Like T S Eliot a century later, Tennyson found in the depth of his own suffering a way of reaching into anxieties that defined an epoch: the circling, hesitant stanzas of In Memoriam piled up over the ensuing years until, finally published anonymously in 1850, they came to embody the uneasy, needy spirit of the age. Wordsworth’s The Prelude, posthumously published in the same year, was quite eclipsed: it must have seemed like yesterday’s news. The extraordinary popularity of In Memoriam turned Tennyson into a very great success, which was never going to be unequivocally good news for someone whose métier was founded on the opposite of success. He became Poet Laureate; he married; he gradually turned into an institution. Batchelor is good on the days of fame, both the very great pleasure that Tennyson obviously took in celebrity and how simply awful he found it. His elder son, who was given the Christian name Hallam, remembered walking with his father one day when someone tapped him on the arm. ‘Do you know who it is with whom you are walking?’ asked the grammatically punctilious stranger. ‘Yes, my father,’ replied Hallam. ‘Nonsense, man,’ returned the pest, ‘you are walking with the poet Tennyson.’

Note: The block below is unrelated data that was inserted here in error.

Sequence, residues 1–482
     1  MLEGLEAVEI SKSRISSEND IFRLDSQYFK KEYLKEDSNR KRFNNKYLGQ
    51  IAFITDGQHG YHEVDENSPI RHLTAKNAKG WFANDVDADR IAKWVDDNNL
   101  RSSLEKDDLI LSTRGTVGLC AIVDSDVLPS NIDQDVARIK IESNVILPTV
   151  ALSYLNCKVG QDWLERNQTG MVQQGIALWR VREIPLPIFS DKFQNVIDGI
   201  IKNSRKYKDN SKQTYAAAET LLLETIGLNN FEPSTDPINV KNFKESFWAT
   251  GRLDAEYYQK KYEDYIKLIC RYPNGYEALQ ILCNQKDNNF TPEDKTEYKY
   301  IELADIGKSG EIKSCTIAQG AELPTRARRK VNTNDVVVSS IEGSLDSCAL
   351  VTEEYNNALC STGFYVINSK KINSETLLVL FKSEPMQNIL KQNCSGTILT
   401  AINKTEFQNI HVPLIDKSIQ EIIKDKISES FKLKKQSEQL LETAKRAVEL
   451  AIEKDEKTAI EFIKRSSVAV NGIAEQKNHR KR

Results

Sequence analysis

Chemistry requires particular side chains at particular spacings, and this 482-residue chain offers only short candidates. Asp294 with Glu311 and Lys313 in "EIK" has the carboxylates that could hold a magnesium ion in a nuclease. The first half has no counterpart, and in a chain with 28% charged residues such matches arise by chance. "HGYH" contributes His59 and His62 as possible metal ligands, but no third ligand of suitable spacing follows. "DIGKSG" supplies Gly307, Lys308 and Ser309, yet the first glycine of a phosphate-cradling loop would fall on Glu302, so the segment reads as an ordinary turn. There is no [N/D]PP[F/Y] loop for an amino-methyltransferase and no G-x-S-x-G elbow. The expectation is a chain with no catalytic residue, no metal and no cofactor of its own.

more from Seamus Perry at Literary Review here.